6 For Teachers (continued): Toxic Popcorn Set-up Basic Tension Solution Basic Compression Solution Toxic Popcorn Design Challenge Page 6 of 16

7 Student Resource: What is the Engineering Design Process? In order to understand the Engineering Design Process you first need to understand technology and engineering. Technology is all around us. It is any product (an object created by a person) or process (a series of steps that brings about a result) that is designed by people to solve a problem. Most of the things you are in contact with each day are technology. For example: paperclip, cup, glasses, stapler, bottle, and pencil etc. What technology do you use everyday? Engineering is the application of science and mathematics to design or redesign technology to solve problems and meet needs. Where scientists study the natural world, engineers design the human-made world. Engineers design everything from sandwich bags to submarines, robots to roller coasters and air bags to artificial hearts! Can you name more technology that engineers have designed? Check out the Greatest Engineering Achievements of the 20 th Century: (www.greatachievements.org) and see how engineers have made the world a better place. Engineering is a profession with a vast number of disciplines. For example: mechanical engineering, electrical engineering, civil engineering, biomedical engineering, systems engineering, ocean engineering, materials engineering, etc. Can you name more disciplines? To learn more about engineering and the different disciplines, visit. Engineering Design Process All engineers have one thing in common and that is the process they use to solve problems -- it is called the engineering design process. The engineering design process is to engineering what the scientific method is to science. Toxic Popcorn Design Challenge Page 7 of 16

8 Student Resource (continued): The Engineering Design Process Identify the Problem What is the problem you want to solve? Research Problem What do you know about the problem? Find out as much about the problem as you can. What are the criteria (conditions that the design must satisfy its overall size or weight, etc.) and constraints (limitations with material, time, size of team, etc.) of this problem? Toxic Popcorn Design Challenge Page 8 of 16

9 Student Resource (continued): Develop Possible Solutions Brainstorm as many solutions as possible. Select Best Possible Solution Which of your designs do you think is the best possible solution? Construct Prototype Using the materials given, build a prototype (a working model) of your design. Don t forget about the criteria (conditions that the design must satisfy) and constraints (limitations that need to be designed around). Test & Evaluate Solution Test and evaluate your design. Did you satisfy the criteria and constraints? Redesign Did your design solve the problem? If not, brainstorm a new design, build and test it until you have successfully solved the problem. Communicate At each step in the process you must communicate with your team members. You need to also communicate with others outside of your team to get feedback on your design. You need to communicate verbally as well as by describing your design thorough writing and drawings. Communication is at the core of the engineering design process. Toxic Popcorn Design Challenge Page 9 of 16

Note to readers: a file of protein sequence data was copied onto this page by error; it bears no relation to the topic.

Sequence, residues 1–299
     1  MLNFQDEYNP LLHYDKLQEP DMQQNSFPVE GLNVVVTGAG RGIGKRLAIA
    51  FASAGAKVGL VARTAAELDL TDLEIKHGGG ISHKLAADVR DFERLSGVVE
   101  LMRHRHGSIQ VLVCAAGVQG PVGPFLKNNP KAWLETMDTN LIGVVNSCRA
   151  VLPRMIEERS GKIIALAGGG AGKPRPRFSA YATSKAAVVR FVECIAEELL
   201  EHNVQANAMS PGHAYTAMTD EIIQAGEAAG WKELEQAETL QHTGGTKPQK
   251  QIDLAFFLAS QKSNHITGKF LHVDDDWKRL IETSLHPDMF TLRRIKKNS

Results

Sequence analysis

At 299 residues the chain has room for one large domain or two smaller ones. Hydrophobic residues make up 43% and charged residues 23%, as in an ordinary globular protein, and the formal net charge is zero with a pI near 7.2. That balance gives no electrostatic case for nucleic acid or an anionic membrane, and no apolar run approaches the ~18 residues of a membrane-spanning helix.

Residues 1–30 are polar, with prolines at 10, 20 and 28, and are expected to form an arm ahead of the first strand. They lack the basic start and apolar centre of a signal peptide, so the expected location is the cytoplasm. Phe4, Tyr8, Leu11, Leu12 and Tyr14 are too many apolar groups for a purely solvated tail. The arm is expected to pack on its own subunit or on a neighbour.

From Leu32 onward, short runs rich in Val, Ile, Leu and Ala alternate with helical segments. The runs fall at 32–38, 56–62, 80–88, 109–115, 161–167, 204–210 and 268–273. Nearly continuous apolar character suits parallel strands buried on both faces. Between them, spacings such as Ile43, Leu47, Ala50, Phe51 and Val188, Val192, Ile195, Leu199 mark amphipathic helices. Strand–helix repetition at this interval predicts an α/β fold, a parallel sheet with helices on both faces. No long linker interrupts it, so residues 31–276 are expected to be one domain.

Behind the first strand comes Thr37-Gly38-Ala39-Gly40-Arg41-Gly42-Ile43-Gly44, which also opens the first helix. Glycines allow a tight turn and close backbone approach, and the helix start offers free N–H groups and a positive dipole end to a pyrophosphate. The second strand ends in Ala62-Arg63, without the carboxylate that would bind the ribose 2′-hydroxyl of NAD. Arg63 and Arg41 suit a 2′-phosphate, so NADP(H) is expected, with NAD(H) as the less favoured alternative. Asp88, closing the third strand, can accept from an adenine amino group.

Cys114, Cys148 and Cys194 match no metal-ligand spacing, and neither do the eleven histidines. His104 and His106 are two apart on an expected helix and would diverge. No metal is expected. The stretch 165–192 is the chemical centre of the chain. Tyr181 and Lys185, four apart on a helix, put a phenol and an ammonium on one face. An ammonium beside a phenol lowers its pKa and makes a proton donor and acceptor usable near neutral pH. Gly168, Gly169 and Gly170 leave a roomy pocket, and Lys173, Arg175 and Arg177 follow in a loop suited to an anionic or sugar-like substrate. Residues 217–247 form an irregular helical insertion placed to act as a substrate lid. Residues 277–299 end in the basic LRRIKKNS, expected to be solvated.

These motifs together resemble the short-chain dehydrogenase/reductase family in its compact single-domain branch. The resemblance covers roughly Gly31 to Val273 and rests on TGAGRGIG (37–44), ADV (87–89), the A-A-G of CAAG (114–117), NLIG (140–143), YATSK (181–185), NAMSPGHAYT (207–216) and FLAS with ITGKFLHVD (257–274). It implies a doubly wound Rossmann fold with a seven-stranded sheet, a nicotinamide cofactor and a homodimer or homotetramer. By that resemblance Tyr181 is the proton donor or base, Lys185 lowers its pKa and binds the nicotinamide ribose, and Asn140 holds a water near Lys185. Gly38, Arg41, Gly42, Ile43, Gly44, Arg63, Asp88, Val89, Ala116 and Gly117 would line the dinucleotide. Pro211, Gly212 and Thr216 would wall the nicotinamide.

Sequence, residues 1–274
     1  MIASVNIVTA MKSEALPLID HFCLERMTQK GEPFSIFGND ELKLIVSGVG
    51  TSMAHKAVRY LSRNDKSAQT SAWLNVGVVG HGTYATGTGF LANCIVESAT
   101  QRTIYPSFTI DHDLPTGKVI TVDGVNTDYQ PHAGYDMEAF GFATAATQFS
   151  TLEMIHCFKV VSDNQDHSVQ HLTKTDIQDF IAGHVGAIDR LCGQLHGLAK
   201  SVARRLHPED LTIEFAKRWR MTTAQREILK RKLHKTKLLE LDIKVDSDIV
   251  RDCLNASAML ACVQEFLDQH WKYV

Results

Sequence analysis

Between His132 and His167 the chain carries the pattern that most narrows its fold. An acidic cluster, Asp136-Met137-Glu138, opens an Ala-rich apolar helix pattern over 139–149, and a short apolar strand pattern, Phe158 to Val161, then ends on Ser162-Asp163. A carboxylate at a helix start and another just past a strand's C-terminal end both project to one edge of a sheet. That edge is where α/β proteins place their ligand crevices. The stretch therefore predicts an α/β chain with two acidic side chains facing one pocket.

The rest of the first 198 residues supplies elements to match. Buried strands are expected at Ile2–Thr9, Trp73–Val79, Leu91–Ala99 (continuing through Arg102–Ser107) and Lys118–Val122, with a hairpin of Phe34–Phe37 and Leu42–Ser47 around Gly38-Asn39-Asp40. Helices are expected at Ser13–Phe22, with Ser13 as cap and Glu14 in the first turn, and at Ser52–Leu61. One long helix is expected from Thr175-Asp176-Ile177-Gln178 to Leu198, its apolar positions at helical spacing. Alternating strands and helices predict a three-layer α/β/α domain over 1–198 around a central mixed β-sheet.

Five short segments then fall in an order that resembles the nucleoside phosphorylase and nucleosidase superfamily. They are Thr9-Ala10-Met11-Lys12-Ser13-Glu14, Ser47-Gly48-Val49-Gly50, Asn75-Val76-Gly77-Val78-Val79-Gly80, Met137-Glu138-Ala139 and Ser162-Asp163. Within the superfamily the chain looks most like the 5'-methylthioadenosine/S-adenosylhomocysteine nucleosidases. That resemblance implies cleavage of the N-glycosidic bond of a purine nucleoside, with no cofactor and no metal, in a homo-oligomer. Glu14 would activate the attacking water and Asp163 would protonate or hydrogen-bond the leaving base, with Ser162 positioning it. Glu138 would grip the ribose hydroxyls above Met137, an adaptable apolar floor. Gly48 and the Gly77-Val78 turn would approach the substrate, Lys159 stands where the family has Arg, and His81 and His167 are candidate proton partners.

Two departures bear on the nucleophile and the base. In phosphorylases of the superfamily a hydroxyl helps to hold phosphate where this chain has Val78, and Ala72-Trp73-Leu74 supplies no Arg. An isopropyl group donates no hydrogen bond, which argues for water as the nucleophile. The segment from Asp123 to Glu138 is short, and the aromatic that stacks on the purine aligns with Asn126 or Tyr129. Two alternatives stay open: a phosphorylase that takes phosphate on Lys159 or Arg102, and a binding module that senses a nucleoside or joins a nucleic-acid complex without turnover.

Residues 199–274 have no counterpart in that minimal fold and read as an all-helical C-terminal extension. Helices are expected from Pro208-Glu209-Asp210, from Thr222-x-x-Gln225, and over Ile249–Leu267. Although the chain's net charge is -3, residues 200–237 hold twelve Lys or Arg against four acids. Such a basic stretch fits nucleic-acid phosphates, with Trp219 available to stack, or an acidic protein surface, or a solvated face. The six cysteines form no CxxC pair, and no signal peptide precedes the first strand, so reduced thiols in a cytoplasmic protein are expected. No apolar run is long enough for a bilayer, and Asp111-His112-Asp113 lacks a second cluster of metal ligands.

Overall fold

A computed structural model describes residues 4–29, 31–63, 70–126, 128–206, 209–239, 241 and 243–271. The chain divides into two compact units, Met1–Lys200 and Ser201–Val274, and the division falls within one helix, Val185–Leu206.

10 Student Worksheet: Toxic Popcorn Design Challenge Scenario A can of highly toxic popcorn has contaminated a circle of approximately 4 feet in diameter. The toxic area extends to the ceiling. If the toxic popcorn is not transferred to a safe container for decontamination, then it will contaminate and destroy the entire city. The popcorn is estimated to have a safe life of exactly 60 minutes before it explodes. It s up to us to save the city! Design Challenge Inside the circle you will find two containers. One (unsafe container) is half full of the toxic popcorn. The other (safe) container is available for decontamination. Find a way to safely transfer the toxic popcorn from the unsafe container to the safe container, using only the materials provided to you. Criteria 1. No one may cross the plane of the circle with any part of the body. 2. The popcorn and containers cannot cross the plane of the circle. Only the ropes & tire tube may cross. 3. No spills are allowed, or the popcorn will explode. Constraints 1. You may use only the materials provided. 2. The popcorn must be transferred within 60 minutes or there will be a disaster. Toxic Popcorn Design Challenge Page 10 of 16